Let’s now discuss some implementation choices: The first key aspect is modularity. In my opinion, this is the only way such a system could work. It offers plenty of flexibility and code reuse, and it makes changes easier to deploy and calibrate. The central piece of the puzzle is the avalanche node:


An avalanche node can be seen as a plugin that reads messages from an input queue, applies some processing on the message data and outputs the result to an output queue. These queues can be handled in different ways. Sometimes it makes sense to keep queuing messages to make sure no data is lost, sometimes it’s smarter to opt for a fire and forget strategy where we only want to process the most recent messages. Frequently, we choose to queue the messages until a certain high water mark value. Once that size is reached, we start dropping messages. This all depends on the volumes of messages received in input, the computing performance of the plugin and how we want to forward the messages to the next node. Here are two ways you can write an avalanche plugin:


Typically, every node runs in its own thread. This allows the pipeline to take full advantage of highly parallel architectures containing multiple CPUs or cores. However our pipeline design can grow very fast, and we may end up running way too many threads compared to what the system could handle for an optimal configuration. This is where the need of grouping several nodes together on the same thread becomes important via the use of plugin racks. As you can see in the previous example, the first plugin only implements a process_message method and can be part of a sequence, while the second implements a full infinite loop and therefore has to run on its own. In other words, the first is rackable, while the second isn’t.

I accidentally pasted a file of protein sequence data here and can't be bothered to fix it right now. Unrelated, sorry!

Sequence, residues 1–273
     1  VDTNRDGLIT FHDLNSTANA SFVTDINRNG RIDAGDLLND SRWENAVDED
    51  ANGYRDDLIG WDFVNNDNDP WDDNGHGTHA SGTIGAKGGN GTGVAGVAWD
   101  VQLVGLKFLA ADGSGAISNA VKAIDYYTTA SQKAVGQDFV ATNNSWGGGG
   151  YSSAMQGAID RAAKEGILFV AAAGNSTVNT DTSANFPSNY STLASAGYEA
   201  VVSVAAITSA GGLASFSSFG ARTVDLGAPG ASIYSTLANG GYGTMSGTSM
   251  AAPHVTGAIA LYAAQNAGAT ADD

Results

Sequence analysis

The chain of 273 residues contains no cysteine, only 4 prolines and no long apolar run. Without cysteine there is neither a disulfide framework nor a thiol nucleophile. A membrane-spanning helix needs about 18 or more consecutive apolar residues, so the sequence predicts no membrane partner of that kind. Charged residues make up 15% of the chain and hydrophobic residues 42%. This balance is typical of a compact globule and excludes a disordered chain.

Now that we’ve learned how to create modular plugins. Let’s connect them! Avalanche uses JSON files to load pipeline definitions. For example, let’s create a very simple pipeline looking like this:


Very simple. Two plugins, the first one sending messages to the second. Here is how we would define it in the JSON file:


Each node is defined in the nodes JSON array with a unique ID, they are then connected in the edges section. They can also receive parameters in the attributes section. What you put in there completely depends on your plugin and the way it works. It’s just an easy way to pass external options to the plugin, which are then passed to the plugin constructor.

When your pipeline has reached some level of maturity, it may look more like this:


In this specific case, we have grouped some parts of the pipeline into racks. This allows us to decrease the number of threads used and gives us better clarity in the functional organization of the pipeline. In essence, a rack is a node running several plugins in sequence without any cycles. Here is how you would define a simple rack with the two previous plugins:


Once you have successfully implemented your plugins and pipeline definitions, all you have to do is start your avalanche pipeline with a simple command:

$ ./ path/to/your/pipeline.json

Going further

We’ve now covered the first part of this data processing pipeline. Today, we are excited to share with you the core piece of our code so you can start using it and build your own custom implementations. In upcoming articles, we will share additional pieces such as custom traffic classifiers or methods to scale your pipeline on larger clusters in order to take your processing power to the next level.

Hope you enjoyed this blog post, feel free to share feedback and your own custom plugins!